The Sketchfab Guide to Post-Processing Filters

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The Sketchfab 3D Editor’s post-processing settings can take your already awesome model and dial it up to 11. This guide is intended to be a friendly introduction to each of the post-processing settings and how best to use them. For updates and a more detailed look at each setting, visit our Help Center.

  1. SSR (Screen space reflections)
  2. SSAO (Screen space ambient occlusion)
  3. Grain
  4. Depth of Field (DoF)
  5. Sharpness
  6. Chromatic Aberration
  7. Vignette
  8. Bloom
  9. Tone Mapping
  10. Color Balance
  11. Anti-Aliasing

Screen Space Reflection (SSR)

Screen space reflection, or SSR, approximates reflections of objects in real-time. When you want to create the impression that a surface is shiny or reflective, this is the filter to choose.

Things to remember:

  • SSR is applied on all opaque surfaces and on transparent surfaces—but only if those transparent surfaces use an alphamask or dithered opacity.
  • SSR reuses what’s already on the screen, so it’s not possible to reflect anything that’s not already visible. That’s also the reason for the blurry reflections and the quick falloff.
  • SSR is expensive in terms of processing, so while we recommend using it, it should be used judiciously or may not be the best choice if you want to optimize viewer performance.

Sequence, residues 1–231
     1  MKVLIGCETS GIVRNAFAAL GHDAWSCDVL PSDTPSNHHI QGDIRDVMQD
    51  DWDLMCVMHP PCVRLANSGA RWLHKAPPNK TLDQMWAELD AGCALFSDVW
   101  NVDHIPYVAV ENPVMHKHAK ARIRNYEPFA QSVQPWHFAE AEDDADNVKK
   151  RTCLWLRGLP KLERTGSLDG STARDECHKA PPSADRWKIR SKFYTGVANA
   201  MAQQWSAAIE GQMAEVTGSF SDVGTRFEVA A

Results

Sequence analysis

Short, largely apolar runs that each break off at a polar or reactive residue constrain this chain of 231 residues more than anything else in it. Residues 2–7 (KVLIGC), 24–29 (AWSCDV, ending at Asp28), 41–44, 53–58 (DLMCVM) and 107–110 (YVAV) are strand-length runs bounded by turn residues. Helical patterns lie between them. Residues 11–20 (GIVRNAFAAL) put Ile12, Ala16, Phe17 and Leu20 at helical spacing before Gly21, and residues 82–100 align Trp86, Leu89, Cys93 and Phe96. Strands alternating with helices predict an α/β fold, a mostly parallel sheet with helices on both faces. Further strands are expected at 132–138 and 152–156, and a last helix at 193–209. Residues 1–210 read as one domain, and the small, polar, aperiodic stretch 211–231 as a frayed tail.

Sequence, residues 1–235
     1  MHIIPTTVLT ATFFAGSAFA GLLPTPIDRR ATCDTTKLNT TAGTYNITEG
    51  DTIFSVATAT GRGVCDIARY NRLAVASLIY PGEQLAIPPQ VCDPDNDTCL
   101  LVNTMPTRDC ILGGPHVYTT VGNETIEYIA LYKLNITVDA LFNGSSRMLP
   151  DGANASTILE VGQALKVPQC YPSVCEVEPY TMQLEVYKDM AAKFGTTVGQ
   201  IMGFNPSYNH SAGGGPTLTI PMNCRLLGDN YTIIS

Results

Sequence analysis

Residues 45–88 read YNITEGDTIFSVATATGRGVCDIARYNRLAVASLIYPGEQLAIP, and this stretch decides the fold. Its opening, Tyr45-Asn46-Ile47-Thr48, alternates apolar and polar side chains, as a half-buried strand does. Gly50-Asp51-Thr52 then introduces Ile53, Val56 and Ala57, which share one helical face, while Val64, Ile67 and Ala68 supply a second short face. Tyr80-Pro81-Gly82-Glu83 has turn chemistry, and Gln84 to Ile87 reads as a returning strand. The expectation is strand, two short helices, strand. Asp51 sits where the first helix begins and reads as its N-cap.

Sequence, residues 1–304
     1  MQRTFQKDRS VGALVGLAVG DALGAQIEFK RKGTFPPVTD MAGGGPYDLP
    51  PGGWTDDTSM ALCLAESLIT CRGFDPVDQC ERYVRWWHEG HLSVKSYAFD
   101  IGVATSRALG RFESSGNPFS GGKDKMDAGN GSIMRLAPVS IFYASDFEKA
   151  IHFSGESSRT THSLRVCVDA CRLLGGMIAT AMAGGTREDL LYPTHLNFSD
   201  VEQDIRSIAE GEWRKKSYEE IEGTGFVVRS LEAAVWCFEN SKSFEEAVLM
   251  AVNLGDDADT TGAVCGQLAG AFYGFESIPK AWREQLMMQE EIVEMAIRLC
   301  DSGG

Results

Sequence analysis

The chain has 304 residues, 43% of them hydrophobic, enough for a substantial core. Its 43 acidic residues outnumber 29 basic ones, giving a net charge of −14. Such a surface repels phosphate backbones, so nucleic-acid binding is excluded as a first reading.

SSAO (Screen Space Ambient Occlusion)

Screen Space Ambient Occlusion, or SSAO, approximates ambient occlusion in real-time. It calculates how exposed each point of the model is to ambient lighting and can be used to improve the look of details.

You can tweak three settings:

  • Radius: the size of the shadows
  • Intensity: the darkness of the shadows
  • Bias: the threshold for SSAO. Low = shadows where there are small differences between depth and normals; High = shadows only where there are big differences between depth and normals.

Things to remember:

  • SSAO is expensive in terms of processing, so while we recommend using it, it should be used judiciously or may not be the best choice if you want to optimize viewer performance.


The Grain filter can be used to simulate the appearance of film grain. You can set it to be static or animated, depending on the look you want to achieve. The setting’s slider controls the opacity of the grain.

Things to remember:

  • Animated grain will continue updating even if the scene is not moving, costing GPU resources.

Depth of Field (DoF)

Depth of Field lets you blur your model’s foreground and background in order to simulate a photographic depth of field effect that brings certain areas in or out of focus.


Things to remember:

  • Depth of Field is compatible with solid color and HDRI backgrounds, but not with image backgrounds.